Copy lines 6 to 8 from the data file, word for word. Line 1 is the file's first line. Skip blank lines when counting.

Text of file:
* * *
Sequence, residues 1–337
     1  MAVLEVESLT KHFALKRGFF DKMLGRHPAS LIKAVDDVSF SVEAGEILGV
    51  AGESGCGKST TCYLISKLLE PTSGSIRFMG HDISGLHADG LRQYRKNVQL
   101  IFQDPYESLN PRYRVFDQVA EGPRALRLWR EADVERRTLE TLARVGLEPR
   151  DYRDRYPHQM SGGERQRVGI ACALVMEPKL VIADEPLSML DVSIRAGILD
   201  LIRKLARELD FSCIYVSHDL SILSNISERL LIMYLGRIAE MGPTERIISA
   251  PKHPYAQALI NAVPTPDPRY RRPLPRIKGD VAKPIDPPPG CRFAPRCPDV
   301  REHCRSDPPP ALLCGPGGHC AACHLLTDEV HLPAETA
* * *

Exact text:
   201  LIRKLARELD FSCIYVSHDL SILSNISERL LIMYLGRIAE MGPTERIISA
   251  PKHPYAQALI NAVPTPDPRY RRPLPRIKGD VAKPIDPPPG CRFAPRCPDV
   301  REHCRSDPPP ALLCGPGGHC AACHLLTDEV HLPAETA